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Impacts of City Level Parking Cashout & Commuter Benefits Ordinances

Education | On-Demand Webinar

Free to all industry professionals.   

For many workers, the decision to drive to work is an economically rational one that minimizes their commute costs.

The vast majority of employers offer free workplace parking, with few in comparison offering benefits for transit, walking, biking, or other means of commuting. In effect, employers are incentivizing a behavior that increases roadway congestion, reduces physical activity, and increases emissions. Researchers from ICF and the Federal Highway Administration (FHWA) examined these issues and the city-level impacts of various parking cash-out ordinances.

This webinar will present results from a study of five core parking cash-out scenarios applied across a sample of nine cities. The analysis shows substantial potential for reductions in VMT, congestion, emissions, and crashes. Further, the ordinances reflected in some scenarios offer benefits to a greater number of employees, or for a greater number of modes, compared to others. Differences in these offerings have additional implications for equity, which is critical to consider alongside transportation impacts.

The work is relevant for city-level policymakers, practitioners, transportation planners, parking providers, and researchers interested in strategies for parking management and VMT reduction, including those that can support more efficient utilization of parking supply, more equitable distribution of commuter benefits, and subsequent reductions in congestion, emissions, and crashes.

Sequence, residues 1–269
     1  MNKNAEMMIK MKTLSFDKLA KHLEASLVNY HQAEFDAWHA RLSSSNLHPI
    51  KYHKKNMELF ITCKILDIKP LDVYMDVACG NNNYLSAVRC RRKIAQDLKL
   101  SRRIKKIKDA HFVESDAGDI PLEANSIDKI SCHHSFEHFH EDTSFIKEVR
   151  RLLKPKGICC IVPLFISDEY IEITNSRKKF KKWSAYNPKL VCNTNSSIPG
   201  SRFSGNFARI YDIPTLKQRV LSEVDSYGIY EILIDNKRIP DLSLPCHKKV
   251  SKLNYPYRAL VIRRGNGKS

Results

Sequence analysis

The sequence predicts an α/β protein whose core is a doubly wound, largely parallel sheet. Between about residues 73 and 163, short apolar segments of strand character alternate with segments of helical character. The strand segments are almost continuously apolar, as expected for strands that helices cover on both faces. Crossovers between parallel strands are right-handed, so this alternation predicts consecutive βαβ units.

Learning Objectives

  • Recognize several parking cash-out and related commuter benefits city-level policy strategies for more efficient parking management and VMT reduction
  • Understand the association between parking and single-occupancy-vehicle (SOV) commuting, and the impacts of parking cash-out and related commuter benefits policies on citywide congestion, emissions, and crashes
  • Connect parking cash-out and related commuter benefits city-level policy strategies to improvements in transportation equity


Gabby Abou-Zeid is a Transportation Data Specialist at ICF, supporting local, state, and federal clients in areas of transportation demand management (TDM), transportation systems management and operations (TSMO), public transportation investments, transportation and land use intersections (especially related to parking), and sustainable mobility. She holds a M.S. in Civil and Environmental Engineering (Transportation Emphasis) from Portland State University and B.S. in Sustainable Built Environments from the University of Arizona.

Allen Greenberg has analyzed and advocated for sustainable U.S transportation policy from both inside and outside of government for over 25 years. As a senior policy analyst at the Federal Highway Administration, Allen cultivates, develops, and manages transportation demand and pricing pilot initiatives and research, including projects related to parking cruising, pricing, management, and policy. Allen holds a Masters in Urban and Regional Planning and a B.S. in Public Policy and Management.

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